First, he rooted an' sweur — Mighty! sican feedies he fetched!
Lnk. 1922 T. S. Cairncross Scot At Hame 54:
And we roystered and we sang, And we rowtered on an daffed whaever cam'.
Lnk. 1927 G. Rae Where Falcons Fly vii.:
What's a' this tae dae aboot auld Peter's routin' in the kirk on the brae?

4. To play on a horn, to toot; of a horn: to sound loudly; transf. to break wind (Cld. 1880 Jam.; Fif., w.Lth. 1968).Lth. 1801 J. Thomson Poems 7:
He left to them a routin' horn.
Sc. 1824 Cornhill Mag. (Sept. 1932) 277:
We rowted on't, and wrought on wi't “and hotched and blew wi' might and main”.
Edb. a.1850 J. Smith Hum. Sc. Stories 67:
A chield that was rowtin' awa on a lang worly-squorly concern like a brass pump.
m.Lth. 1878 R. Cuddie Corstorphine Lyrics 12:
The routing and the screeching of his lang trombone.

5. Fig. of wind, water, etc.: to roar loudly. Hence rowtin(g), vbl.n., ppl.adj. Cf. Rout, v.1Sc. c.1721 Ramsay Poems (S.T.S.) III. 158:
For rowtining [sic] Clyd and fleechyng Tweed.
Slk. 1804 Hogg Poems (1874) 64:
The linn it was rowting adown frae the height.
Kcb. 1867 Carlyle E. Irving 303:
Especially one [bridge] called ‘rowting', i.e. bellowing or roaring ‘Brig', spanning a grand loud cataract.
Bnff. 1823 G. Greig Folk-Song (1914) viii.:
The rowtin' o'that dark water.

6. Of a bell: to toll, to make a loud din. Deriv. router, a nickname for a bellringer.wm.Sc. 1854 Laird of Logan 193:
Connected with the Church of Scotland, was an important personage who kept order in the house — Robin Tug-the-Tow, alias Rab-the-Router. . . . The manner of tugging, rather than a steady swinging pull of the bell rope, and the ringing or “routing” of the said piece of metal, in summoning to the services of the church.

II. n. 1. The lowing or bellowing of cattle, the act of bellowing (Sc. 1808 Jam.; Sh. 1908 Jak. (1928); Sh., Bnff., ‡Ags., Per., w.Lth., Gall. 1968), sometimes extended to other animals. Also in Eng. dial.Bnff. 1787 W. Taylor Poems 106:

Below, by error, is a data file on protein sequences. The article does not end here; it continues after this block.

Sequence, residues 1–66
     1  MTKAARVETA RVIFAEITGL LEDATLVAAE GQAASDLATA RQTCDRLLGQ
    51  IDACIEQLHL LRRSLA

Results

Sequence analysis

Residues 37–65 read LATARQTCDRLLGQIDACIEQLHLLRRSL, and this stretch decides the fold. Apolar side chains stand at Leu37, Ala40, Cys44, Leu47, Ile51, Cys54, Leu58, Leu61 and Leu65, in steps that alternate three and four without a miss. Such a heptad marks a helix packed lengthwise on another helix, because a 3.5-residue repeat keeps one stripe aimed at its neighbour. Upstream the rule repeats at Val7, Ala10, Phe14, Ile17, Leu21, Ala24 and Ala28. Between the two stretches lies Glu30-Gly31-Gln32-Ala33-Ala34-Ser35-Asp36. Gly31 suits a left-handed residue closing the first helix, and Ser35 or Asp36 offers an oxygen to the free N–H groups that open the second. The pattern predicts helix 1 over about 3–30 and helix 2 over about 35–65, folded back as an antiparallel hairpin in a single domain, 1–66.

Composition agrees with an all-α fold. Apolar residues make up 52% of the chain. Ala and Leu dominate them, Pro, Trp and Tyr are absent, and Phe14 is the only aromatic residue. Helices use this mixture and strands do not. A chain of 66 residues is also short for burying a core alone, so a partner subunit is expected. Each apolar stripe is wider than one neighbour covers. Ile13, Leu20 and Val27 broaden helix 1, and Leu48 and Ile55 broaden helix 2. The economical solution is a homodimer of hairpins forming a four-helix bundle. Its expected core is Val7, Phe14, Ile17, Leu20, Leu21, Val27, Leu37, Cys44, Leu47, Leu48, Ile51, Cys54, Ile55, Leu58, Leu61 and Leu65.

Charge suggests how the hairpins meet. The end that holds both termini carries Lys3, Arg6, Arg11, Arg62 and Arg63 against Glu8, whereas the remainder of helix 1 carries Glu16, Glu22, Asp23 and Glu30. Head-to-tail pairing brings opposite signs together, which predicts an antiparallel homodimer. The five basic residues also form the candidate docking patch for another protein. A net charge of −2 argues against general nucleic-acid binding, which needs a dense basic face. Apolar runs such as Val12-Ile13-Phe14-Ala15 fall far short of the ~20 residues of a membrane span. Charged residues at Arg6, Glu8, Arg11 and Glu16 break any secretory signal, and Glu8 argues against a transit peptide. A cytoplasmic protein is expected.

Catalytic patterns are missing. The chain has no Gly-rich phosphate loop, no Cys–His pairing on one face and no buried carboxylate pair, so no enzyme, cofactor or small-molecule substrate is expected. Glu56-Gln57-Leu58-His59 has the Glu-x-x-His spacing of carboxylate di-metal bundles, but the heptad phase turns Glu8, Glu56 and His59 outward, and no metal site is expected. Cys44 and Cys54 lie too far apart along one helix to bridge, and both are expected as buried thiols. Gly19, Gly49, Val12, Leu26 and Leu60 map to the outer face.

That he mote lear their artfu' rowt.
Kcb. 1789 D. Davidson Seasons 52:
Ilk rowt the twa [cattle] gave thwart the burn.
Peb. 1817 R. Brown Lintoun Green 49:
A crummie's rowt! The english call a low!
Sc. 1822 Scott F. Nigel iii.:
He is ane o' our ain Norland stots, I ken by the rowt of him.
m.Lth. 1866 J. Smith Merry Bridal 17:
The Bull rins wild amang the nowte, An' funkin daft wi' merry rout.
Ags. 1880 J. E. Watt Poet. Sk. 64:
Her voice it resembles the rowte o' a coo.
Ork. 1884 R. M. Fergusson Rambles 245:
A lood soond like the root o' a deean' coo.

2. A shout, outcry, uproar, clamour, to-do. Also in Eng. dial.Sc. 1715 J. Maidment Pasquils 400:
Then a cursed old Peer and a Bishop I hear, About going to hell made a rout.
Abd. 1777 R. Forbes Ulysses 35:
The man that clips the sow, He makes a hantle rout an' din.
Sc. 1822 Scott Pirate xiv.:
Burning, blighting, falcon eyes, which we poets are apt to make a rout about.
Fif. 1827 W. Tennant Papistry Storm'd 76:
He frae his windock keekit out To ken the reason o' the rout.
ne.Sc. 1836 J. Grant Tales 63:
He heard the rout o' the kelpie's weel kent lauch.
Ayr. 1892 H. Ainslie Pilgrimage 243:
He raised a big rowt, “Kimmers, come out”.

3. A loud crashing noise, a peal, a report (Sc. 1808 Jam.).Ork. 1880 Dennison Sketch-Bk. 38:
There cam' sic a root o' thunder.
Clc. 1882 J. Walker Poems 170:
The limmer's [= cannon's] rout wad ding them maistly deaf.

[O.Sc. rowt, to roar, bellow, c.1425, a bellow, trumpeting, 1438, Mid.Eng. rowt(e), O.N. rauta, to bellow.]

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"Rowt v., n.". Dictionary of the Scots Language. 2004. Scottish Language Dictionaries Ltd. Accessed 20 May 2024 <>